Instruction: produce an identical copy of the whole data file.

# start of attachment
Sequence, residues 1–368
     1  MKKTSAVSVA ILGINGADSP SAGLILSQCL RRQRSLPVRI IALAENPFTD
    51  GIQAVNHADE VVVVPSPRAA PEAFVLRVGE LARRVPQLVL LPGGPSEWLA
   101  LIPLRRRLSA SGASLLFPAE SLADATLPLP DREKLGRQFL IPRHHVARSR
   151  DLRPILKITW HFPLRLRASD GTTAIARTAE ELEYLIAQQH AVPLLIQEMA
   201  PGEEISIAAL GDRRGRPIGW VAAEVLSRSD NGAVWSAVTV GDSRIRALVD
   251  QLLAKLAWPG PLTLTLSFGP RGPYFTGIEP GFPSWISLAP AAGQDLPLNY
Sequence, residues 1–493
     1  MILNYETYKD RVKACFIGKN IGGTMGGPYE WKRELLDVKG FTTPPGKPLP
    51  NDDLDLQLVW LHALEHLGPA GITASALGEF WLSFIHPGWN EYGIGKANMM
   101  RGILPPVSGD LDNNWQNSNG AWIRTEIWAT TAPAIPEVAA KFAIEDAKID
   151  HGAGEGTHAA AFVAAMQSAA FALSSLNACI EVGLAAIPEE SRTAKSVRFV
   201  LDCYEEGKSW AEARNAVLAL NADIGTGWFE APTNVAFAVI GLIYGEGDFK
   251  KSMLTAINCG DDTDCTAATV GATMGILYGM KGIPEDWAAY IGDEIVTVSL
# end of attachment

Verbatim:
Sequence, residues 1–368
     1  MKKTSAVSVA ILGINGADSP SAGLILSQCL RRQRSLPVRI IALAENPFTD
    51  GIQAVNHADE VVVVPSPRAA PEAFVLRVGE LARRVPQLVL LPGGPSEWLA
   101  LIPLRRRLSA SGASLLFPAE SLADATLPLP DREKLGRQFL IPRHHVARSR
   151  DLRPILKITW HFPLRLRASD GTTAIARTAE ELEYLIAQQH AVPLLIQEMA
   201  PGEEISIAAL GDRRGRPIGW VAAEVLSRSD NGAVWSAVTV GDSRIRALVD
   251  QLLAKLAWPG PLTLTLSFGP RGPYFTGIEP GFPSWISLAP AAGQDLPLNY
Sequence, residues 1–493
     1  MILNYETYKD RVKACFIGKN IGGTMGGPYE WKRELLDVKG FTTPPGKPLP
    51  NDDLDLQLVW LHALEHLGPA GITASALGEF WLSFIHPGWN EYGIGKANMM
   101  RGILPPVSGD LDNNWQNSNG AWIRTEIWAT TAPAIPEVAA KFAIEDAKID
   151  HGAGEGTHAA AFVAAMQSAA FALSSLNACI EVGLAAIPEE SRTAKSVRFV
   201  LDCYEEGKSW AEARNAVLAL NADIGTGWFE APTNVAFAVI GLIYGEGDFK
   251  KSMLTAINCG DDTDCTAATV GATMGILYGM KGIPEDWAAY IGDEIVTVSL